Eugene Weekly : Viewpoint : 10.23.08

War Heroes
A little historical perspective
by Mark Harris

I’m of terrorist-American descent. A patriot can be a terrorist to the colonizer or slaveowner. My ancestors actively fought slavery when it was the law of the land and engaged in the terrorist activities of attempting to secure voting rights, increasing literacy, numeracy, cultural fluency and if necessary theft of property, i.e. helping slaves run away. So consider my following comments in that light.

I would consider John McCain a war hero in the same sense that George Armstrong Custer, Gen. Joseph Lane or Gen. Nathan Bedford Forrest are war heroes. If one gives blanket respect for putting your life on the line in service to a higher ideal, that’s one thing. Custer, Lane and Forrest are not heroes to Native Americans and African-Americans, of which I am both. Native Americans were defending their ancestral homelands against invasion by illegal immigrants. 

Forrest, later a founder of the Ku Klux Klan, oversaw the massacre at Fort Pillow where a Union contingent of black soldiers and civilian women and children were shot, burned and buried alive after they surrendered to the Confederate forces. Forrest is considered a war hero to the Confederacy, and this is what I think of whenever I see a Confederate flag here in Oregon. The Confederacy is not a country based on granting and defending the principles of liberty and equal justice for all human beings present (which is something we’re still fighting for in America). 

The Vietnamese had been fighting to liberate their homeland for close to a thousand years from, in turn, the Chinese, the French and the Japanese. Ho Chi Minh, leading Vietnam during World War II, was our ally in that conflict against the Japanese. Our post-World War II involvement in Vietnam was a betrayal of that alliance. 

I spoke about history with one of my five all-time favorite Republicans, a war hero, as it turns out. Sen. Mark Hatfield was at Iwo Jima, walked through Hiroshima and besides his famous anti-war stance, welcomed Paul Robeson to Oregon. Hatfield credited Robeson as the inspiration for crafting public accommodations legislation after Robeson, an internationally renowned singer/civil rights activist, was refused lodging in the finest hotel in Salem after the concert that the young Hatfield had helped organize. 

I spoke with the senator early during Bush’s second term on the subject of his relationship to Robeson and civil rights issues in Oregon in the 1940s and 1950s. Naturally John McCain was not a topic of conversation. I had to confess to the senator that I was sorry HE wasn’t in the White House and that I could understand why his party probably would not have supported him to be president. I considered him to be of the ilk of the radical Republicans Sumner and Stevens. They were considered radical because unlike other Republicans and Democrats and the majority of whites at the time, they considered African-Americans to be human beings worthy of full and equal citizenship and equal rights within all of the U.S. That was considered radical at the time. As my daughter Iana once remarked, “It’s a thin line between radical and common sense.”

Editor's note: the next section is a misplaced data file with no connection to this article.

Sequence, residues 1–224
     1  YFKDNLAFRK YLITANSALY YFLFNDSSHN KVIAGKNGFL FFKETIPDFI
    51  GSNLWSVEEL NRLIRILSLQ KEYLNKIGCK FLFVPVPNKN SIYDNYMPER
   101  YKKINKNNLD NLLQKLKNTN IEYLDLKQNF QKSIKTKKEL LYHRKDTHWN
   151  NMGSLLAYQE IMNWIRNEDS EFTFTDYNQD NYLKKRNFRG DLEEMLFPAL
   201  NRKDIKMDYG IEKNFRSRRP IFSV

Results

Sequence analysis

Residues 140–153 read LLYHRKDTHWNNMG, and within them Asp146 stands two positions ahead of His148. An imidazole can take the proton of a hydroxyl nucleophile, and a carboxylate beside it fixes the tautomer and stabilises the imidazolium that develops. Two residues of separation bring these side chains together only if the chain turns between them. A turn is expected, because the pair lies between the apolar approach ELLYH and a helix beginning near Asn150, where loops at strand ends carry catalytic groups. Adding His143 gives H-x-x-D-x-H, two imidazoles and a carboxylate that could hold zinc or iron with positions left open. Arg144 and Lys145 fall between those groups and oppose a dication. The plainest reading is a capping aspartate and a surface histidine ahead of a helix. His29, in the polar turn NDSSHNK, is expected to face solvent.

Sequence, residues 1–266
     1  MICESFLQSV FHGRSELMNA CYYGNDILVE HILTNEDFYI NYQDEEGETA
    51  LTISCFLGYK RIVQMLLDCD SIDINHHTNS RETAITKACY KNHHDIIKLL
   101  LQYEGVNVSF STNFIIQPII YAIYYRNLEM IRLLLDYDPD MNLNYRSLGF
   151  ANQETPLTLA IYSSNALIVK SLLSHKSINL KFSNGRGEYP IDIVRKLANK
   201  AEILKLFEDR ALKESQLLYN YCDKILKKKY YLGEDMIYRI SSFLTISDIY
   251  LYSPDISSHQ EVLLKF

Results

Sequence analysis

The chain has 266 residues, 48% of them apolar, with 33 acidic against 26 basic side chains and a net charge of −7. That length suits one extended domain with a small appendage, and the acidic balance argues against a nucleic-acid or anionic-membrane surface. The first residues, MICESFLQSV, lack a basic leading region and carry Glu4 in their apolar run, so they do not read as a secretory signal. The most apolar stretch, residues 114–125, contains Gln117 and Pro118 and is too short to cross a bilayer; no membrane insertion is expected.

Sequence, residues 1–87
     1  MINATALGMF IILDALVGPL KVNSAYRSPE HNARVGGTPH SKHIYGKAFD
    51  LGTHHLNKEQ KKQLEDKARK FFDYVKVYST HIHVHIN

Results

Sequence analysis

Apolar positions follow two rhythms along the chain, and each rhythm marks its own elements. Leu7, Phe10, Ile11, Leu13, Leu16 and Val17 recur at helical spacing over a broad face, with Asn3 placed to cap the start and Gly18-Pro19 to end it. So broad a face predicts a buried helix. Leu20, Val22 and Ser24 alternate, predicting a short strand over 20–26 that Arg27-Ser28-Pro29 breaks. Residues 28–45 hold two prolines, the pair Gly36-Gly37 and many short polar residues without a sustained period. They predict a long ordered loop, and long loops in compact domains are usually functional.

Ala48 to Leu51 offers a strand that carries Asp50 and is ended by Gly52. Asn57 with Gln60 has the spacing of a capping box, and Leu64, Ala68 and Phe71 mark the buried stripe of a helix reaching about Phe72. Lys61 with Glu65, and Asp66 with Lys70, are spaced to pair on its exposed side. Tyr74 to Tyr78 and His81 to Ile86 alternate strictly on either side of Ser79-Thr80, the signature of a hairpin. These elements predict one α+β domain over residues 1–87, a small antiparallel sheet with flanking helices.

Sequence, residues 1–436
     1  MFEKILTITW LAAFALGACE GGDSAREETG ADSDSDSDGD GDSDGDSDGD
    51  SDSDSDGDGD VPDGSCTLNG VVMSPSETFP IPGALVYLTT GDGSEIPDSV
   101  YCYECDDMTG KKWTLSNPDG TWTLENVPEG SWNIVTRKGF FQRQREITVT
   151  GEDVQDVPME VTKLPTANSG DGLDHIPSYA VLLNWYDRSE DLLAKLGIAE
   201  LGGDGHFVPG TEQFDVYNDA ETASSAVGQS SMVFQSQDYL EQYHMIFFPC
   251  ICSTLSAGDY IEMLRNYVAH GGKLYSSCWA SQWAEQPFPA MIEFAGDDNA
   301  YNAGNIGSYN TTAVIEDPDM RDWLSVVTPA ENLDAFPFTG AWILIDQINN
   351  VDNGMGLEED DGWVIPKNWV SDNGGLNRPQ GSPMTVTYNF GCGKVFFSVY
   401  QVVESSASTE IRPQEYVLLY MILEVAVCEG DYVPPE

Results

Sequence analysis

It’s still a stretch for some people to even consider an articulate, computer-literate, Harvard-trained, quasi-genius African-American to be president over an alleged war hero who may have visited many lands but still has problems keeping geography, history and culture straight. 

Hatfield reminded me that Vietnam had been a World War II ally of the U.S. against Japan. While Ho Chi Minh was a communist, he was “our communist,” like Tito of Yugoslavia. After all, Ho Chi Minh had visited the U.S., kicking it with Marcus Garvey during the Harlem Renaissance — a period when he wrote an article decrying the practice of lynching. Black American soldiers fighting for American freedom would come home and be lynched by white mobs in the streets of New York City as well as in the South. No U.S. president/commander in chief was suggesting to white America that lynching black soldiers was unpatriotic and should stop immediately. In fact, when Robeson and Einstein brought President Truman a petition against lynching, he refused to see them. 

The Vietnamese, our former allies, had been fighting for possession of their homeland for several hundred years and were well within their rights to shoot down McCain, as the Lakota were well within their rights to give Custer an arrow shirt. Pakistan and Afghanistan have similarly resisted conquest, a fact the next president better take into account — or ignore at our peril.

Mark Harris is an instructor in ethnic studies and substance abuse prevention at LCC.



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